Accompany students on field trips or dances (and if your child feels it is too embarrassing to see him on the dance floor, help sell refreshments in the hall)

Serve on councils or other committees that need parent representatives Help in projects like the school newsletter

Volunteer in your child’s class, in the library, in the cafeteria, or in the school office Prepare food for a school event.
Assist as a tutor of students in such subjects as reading, mathematics, English, Spanish, computing, or other courses.

Work in a parent resource center or help create one. In these schools, parents meet informally, borrow materials about their children’s education and homework, and obtain information about services available in the community.

If you do not have time to volunteer at the school, you can help your child learn at home. The key question is, “What can I do at home, easily in a few minutes a day, to reinforce and deepen what the school is doing?” This is the kind of participation that every family can and should provide to support their children’s school success.

Parent involvement in school will lead to positive student outcomes. Improve evaluations, improve attendance and behavior. It’s never very late to get involved with education of your child, and we do
not simply mean in school. You can also generate interest in the interest of your child like in playing,
dancing or any other kind of sports. The more you work with the educational and emotional learning behavior
of your child at residence, the more likely kids will develop a better attitude to learning and high self-
esteem through the accomplishment and learning of mistakes (which should all the time be expected as learning opportunities).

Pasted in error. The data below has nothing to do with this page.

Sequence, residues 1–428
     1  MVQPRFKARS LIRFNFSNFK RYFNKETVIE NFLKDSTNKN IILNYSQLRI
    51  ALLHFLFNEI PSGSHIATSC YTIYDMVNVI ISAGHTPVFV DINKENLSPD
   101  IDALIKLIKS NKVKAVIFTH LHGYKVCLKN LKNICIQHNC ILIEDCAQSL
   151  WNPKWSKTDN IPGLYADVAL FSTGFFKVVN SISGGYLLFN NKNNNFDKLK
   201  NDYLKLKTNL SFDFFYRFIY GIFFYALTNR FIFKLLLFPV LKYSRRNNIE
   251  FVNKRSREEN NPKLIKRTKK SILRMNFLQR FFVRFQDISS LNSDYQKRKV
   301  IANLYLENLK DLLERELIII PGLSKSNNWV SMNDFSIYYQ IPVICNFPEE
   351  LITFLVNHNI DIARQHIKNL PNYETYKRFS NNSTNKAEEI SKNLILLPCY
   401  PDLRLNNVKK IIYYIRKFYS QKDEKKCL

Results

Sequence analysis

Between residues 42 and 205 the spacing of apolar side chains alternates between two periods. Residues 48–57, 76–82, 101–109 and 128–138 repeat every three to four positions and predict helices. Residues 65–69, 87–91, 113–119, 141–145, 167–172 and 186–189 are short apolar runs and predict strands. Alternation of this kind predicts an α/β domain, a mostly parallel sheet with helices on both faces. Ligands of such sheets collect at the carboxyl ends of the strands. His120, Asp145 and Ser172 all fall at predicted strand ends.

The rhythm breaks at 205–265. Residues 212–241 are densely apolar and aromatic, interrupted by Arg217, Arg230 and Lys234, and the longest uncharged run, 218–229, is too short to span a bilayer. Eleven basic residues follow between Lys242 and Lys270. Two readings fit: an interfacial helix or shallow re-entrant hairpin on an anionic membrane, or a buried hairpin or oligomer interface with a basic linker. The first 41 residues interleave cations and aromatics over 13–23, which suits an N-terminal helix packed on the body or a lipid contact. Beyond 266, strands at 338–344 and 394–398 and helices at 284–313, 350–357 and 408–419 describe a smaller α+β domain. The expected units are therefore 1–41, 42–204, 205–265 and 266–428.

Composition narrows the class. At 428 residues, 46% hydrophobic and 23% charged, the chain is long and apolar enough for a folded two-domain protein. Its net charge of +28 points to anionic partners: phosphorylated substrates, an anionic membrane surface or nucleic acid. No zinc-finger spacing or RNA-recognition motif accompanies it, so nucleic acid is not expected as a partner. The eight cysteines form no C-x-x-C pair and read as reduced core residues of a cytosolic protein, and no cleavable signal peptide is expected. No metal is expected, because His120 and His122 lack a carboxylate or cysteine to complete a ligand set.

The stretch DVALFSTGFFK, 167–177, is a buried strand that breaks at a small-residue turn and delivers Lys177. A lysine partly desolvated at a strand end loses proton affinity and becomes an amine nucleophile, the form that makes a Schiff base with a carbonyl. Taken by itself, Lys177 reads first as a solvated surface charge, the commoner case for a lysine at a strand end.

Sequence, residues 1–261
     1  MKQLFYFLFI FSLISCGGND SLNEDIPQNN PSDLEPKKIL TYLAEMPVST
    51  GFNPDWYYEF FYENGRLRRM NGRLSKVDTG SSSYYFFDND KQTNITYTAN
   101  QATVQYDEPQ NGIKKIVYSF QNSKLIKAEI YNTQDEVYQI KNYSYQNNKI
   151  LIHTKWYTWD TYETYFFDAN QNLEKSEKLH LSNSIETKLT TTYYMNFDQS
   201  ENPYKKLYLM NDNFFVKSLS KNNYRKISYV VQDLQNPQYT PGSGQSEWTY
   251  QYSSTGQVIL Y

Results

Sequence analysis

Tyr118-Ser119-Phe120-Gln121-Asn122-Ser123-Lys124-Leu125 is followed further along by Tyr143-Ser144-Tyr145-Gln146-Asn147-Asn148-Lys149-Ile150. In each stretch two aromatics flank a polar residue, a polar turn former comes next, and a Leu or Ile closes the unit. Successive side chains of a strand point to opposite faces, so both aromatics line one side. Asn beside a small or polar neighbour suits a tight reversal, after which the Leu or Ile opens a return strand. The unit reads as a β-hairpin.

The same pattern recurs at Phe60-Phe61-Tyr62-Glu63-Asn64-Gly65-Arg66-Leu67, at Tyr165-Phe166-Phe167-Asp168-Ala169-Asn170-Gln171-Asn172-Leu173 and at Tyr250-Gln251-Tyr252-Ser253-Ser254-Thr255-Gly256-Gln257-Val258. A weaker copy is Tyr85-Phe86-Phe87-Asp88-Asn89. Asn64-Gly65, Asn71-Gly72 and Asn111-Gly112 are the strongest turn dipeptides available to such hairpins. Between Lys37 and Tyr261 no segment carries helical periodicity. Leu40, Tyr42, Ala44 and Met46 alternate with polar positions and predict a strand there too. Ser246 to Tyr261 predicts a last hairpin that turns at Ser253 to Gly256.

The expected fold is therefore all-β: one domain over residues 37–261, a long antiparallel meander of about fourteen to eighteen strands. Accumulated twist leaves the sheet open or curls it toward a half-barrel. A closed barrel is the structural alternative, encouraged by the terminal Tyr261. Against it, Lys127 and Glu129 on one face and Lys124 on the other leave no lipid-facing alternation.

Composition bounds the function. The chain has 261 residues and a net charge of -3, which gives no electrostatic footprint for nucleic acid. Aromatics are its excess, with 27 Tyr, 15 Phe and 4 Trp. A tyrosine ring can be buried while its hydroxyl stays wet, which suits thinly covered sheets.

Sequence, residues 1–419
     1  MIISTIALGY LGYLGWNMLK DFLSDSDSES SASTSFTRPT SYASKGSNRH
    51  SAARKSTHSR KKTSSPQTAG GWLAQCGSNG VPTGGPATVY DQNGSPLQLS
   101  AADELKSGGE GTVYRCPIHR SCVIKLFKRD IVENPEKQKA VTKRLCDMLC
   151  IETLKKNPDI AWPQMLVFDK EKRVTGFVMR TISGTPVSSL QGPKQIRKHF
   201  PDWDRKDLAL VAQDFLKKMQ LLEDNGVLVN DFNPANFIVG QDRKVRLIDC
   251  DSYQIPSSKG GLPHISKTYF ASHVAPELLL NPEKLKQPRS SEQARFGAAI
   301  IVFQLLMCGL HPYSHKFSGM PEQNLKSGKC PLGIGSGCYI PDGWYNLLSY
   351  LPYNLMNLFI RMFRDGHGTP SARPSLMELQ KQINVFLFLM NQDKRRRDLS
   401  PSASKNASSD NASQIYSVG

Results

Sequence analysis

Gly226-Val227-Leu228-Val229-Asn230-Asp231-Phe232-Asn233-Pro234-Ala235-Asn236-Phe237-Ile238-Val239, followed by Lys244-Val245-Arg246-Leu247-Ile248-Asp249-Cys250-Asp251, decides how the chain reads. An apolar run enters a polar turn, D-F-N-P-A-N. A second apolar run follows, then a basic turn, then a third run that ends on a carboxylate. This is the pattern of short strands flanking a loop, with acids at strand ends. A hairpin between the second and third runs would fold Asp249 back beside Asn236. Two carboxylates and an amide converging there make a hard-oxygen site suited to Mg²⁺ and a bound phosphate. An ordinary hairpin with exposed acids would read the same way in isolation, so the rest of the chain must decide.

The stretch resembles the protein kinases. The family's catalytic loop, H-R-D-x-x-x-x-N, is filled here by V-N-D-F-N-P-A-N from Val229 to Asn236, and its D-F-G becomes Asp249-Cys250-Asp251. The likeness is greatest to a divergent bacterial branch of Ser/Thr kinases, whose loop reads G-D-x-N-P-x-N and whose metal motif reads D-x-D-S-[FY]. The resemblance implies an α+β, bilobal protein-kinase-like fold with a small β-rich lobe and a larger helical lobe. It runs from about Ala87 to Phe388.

Shared work between parents, teachers, and students

Shared work has to do with the association that must exist between child-parents-school. That is, parents, teachers and the school must be in constant and fluid communication for the good of children and for their proper academic development. While it is true that academic development is important for our society, it is absolutely necessary for children to have good emotional development, without it, it will be impossible for children to feel capable. With mutual work practice, the child will see the significance of their effort and how teachers and parents look after the interests of students.

Children spend a lot of their days at school; they are almost all day in schools. Society has been composed in this way, parents go out to work every morning and children have to go to school in order to learn what is necessary for our society. Sometimes parents work more hours or at different times than the school and can barely see their children during the day, but this does not exempt them from their responsibilities as parents that go beyond dressing, feeding and sheltering children. Parents should be mentors, guides, emotional support and those who teach children about emotions and feelings; this is not learned in school.